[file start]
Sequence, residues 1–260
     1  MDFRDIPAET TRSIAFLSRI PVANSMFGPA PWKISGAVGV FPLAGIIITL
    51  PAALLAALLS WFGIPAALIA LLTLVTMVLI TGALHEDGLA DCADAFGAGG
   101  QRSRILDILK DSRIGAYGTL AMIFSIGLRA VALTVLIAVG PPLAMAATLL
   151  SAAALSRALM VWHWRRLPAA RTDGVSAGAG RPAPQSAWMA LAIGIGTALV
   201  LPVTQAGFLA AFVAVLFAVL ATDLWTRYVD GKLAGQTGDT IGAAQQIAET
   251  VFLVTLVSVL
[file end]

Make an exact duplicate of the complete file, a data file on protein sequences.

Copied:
Sequence, residues 1–260
     1  MDFRDIPAET TRSIAFLSRI PVANSMFGPA PWKISGAVGV FPLAGIIITL
    51  PAALLAALLS WFGIPAALIA LLTLVTMVLI TGALHEDGLA DCADAFGAGG
   101  QRSRILDILK DSRIGAYGTL AMIFSIGLRA VALTVLIAVG PPLAMAATLL
   151  SAAALSRALM VWHWRRLPAA RTDGVSAGAG RPAPQSAWMA LAIGIGTALV
   201  LPVTQAGFLA AFVAVLFAVL ATDLWTRYVD GKLAGQTGDT IGAAQQIAET
   251  VFLVTLVSVL